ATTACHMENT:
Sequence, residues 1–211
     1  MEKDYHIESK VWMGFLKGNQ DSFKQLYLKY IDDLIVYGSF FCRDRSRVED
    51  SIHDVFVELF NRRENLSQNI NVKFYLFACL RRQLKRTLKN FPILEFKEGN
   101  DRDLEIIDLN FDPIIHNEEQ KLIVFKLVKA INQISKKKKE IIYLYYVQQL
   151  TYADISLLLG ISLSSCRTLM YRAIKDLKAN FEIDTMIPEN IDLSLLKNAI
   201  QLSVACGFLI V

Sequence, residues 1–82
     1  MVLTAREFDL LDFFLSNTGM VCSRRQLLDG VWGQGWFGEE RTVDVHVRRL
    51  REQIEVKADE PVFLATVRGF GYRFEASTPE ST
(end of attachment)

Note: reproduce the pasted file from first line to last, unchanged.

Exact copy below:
Sequence, residues 1–211
     1  MEKDYHIESK VWMGFLKGNQ DSFKQLYLKY IDDLIVYGSF FCRDRSRVED
    51  SIHDVFVELF NRRENLSQNI NVKFYLFACL RRQLKRTLKN FPILEFKEGN
   101  DRDLEIIDLN FDPIIHNEEQ KLIVFKLVKA INQISKKKKE IIYLYYVQQL
   151  TYADISLLLG ISLSSCRTLM YRAIKDLKAN FEIDTMIPEN IDLSLLKNAI
   201  QLSVACGFLI V

Sequence, residues 1–82
     1  MVLTAREFDL LDFFLSNTGM VCSRRQLLDG VWGQGWFGEE RTVDVHVRRL
    51  REQIEVKADE PVFLATVRGF GYRFEASTPE ST